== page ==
The leader continued that while they hated to rush us out of the site, they were certain their ceremony would not work if 'unbelievers' were in the ceremonial area. Since we were leaving the area soon anyway, we packed up our gear, along with some supplies that Pam Rogers had stashed at various places in the ruins. The locations of these stashes were on the last page of the papers from the temple. We then headed south on the roundabout path to the quarantine line that Pam had laid out for us.

We reached the line about two weeks later. On the way, we had a chance to discuss some of the unasked questions on our minds. The most pressing was the question of why Sasha and I were so different from any other 'Flu victims we'd run into so far. From all we'd seen, those who had been changed partially or fully into animals showed the characteristics of only one animal. We narrowed it down to the fact that we had both been in the "Well of the Souls" and the cenote at my project site. Both of these water sources had surrounding iconography depicting examples of people changed partially or wholly into animals -- lions in the Egyptian iconography, and jaguars in the Mayan. Both of us being exposed to the same sources could explain why we'd changed so similarly, even if not why we both had wolf traits on top of everything else. While this didn't explain the actual agent that triggered the change, we decided that the water in both places may have given the disease something to work with.

Sasha and I also found out during this leg in our journey that we shared an ability we hadn't known about earlier: we heal faster than normal. We found this out when we were shot at near San Cristobal. We tried to get some information and supplies there, and ran into a mob that wasn't in the mood to let us live. We fled through a farm and into the jungle. We were wounded in a barrage fired blindly by the farmer who was, basically, trying to hit anything that moved. He had been harassed by the mob for a week, and was trigger happy. He had been using his rifle liberally to protect his stores and property. Basically, he figured we were as good a target as any, and if he missed us, he would likely give the mob something to think about. I took a leg hit and Sasha got grazed by a stray round. Sasha's wound totally healed by the time we stopped to check the damage. My wound took a little longer, but the bleeding had stopped and the wound had begun knitting by the time we stopped. It was quite surreal to watch the rifle slug work its way out of the wound.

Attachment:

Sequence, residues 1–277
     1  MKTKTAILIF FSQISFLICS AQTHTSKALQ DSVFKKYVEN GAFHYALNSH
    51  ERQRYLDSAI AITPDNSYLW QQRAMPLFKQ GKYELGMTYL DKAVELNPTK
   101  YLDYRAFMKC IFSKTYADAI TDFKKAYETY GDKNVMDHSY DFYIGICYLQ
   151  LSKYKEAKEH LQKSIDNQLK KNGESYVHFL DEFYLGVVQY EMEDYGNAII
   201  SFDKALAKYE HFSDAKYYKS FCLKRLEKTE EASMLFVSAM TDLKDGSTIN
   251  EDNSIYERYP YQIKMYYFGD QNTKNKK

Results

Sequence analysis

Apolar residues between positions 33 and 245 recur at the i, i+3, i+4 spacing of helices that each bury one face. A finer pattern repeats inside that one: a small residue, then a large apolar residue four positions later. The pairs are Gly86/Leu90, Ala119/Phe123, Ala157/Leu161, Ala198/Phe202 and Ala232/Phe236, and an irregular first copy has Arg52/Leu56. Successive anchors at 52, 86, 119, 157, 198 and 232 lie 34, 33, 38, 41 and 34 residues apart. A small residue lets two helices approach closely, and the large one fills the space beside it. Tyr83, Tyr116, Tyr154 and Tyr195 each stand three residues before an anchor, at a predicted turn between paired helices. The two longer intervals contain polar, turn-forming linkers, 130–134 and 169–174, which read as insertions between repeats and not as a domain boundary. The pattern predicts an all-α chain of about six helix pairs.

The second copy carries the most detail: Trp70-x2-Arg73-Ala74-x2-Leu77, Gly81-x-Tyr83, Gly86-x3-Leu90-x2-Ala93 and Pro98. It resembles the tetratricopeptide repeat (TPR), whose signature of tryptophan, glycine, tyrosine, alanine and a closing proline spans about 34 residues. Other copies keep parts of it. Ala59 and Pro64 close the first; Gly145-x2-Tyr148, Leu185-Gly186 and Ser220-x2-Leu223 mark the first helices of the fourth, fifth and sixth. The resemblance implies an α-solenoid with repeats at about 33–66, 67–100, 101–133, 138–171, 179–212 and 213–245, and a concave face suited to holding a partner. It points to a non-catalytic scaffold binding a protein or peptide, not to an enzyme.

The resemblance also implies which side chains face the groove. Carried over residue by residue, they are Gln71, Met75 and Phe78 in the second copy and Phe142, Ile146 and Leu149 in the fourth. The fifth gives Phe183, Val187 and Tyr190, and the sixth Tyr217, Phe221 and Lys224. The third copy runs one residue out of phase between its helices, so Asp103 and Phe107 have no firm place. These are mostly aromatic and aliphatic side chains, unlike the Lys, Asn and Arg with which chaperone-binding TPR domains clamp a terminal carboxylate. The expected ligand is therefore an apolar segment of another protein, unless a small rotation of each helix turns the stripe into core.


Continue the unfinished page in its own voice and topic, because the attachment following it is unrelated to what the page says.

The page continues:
After that we avoided towns altogether. We also found it easier to travel naked, especially since we only had the one set of clothes, and there are things in the jungle that can be murder on fabric. We felt we would need them more if we ever did find a place where we could act civilized.

We knew when we got to the quarantine line, because we noticed the unmistakable signs of the trail that the patrols used. As we did in Guatemala, we decided to wait under cover and see just how frequently the area was patrolled. After figuring out the amount of time before the patrol would return, we waited for the next patrol to pass and attempted to cross the trail. We had no clue that the Mexican army had set out tripwire-rigged flares in the bushes. Stan set one off, which alerted both a listening/observation post we had just passed and the patrol we'd seen go past about ten minutes earlier. When the flare went off, bullets began flying in our general direction from the two soldiers in the listening post. The sound and nearness of death brought out a panicked reaction in all four of us.

Two things happened simultaneously. First, we split up in different directions, generally away from the gunshots. Luckily we set off no more flares in our rush to get away. Second, our fear had caused us to change: Ralph let out a shrill rabbit-like squeal and Stan reverted to tapir form. Sasha unconsciously changed into a wolf while she was fleeing, and in my panic I became a jaguar. Sasha and I didn't stop running for about four miles, and it took a bit longer to reconcile the fact that we were on all fours

"Curiouser and Curiouser," chimes in Wanderer. "Shapeshifting on top of souped-up healing? Next, you will be telling us you can lift a vehicle with your bare hands," he finishes with a jovial wink.

I smile back. "Sorry. While I did gain more strength than I had in my human body, what with all the new muscle arrangements and the amount of exercise I was forced into on my adventure, I know I can't lift a car. Jubatus' admirer was gave me my latest surprise, however. Wooden bats are easy to break. Apply enough force, it's done. Wooden bats with metal cores are different though. And before you ask, no, breaking it wasn't easy.

"I bet Dr. Stein would love to hear this... The torque I used to break that particular bat smashed up and dislocated the bones in my arm and hand pretty well. As you can see now, things are fairly back to normal."

"'Normal' being a relative term," Spot says. "You do realize you're up to five shapeshifters out of seven animorphs?"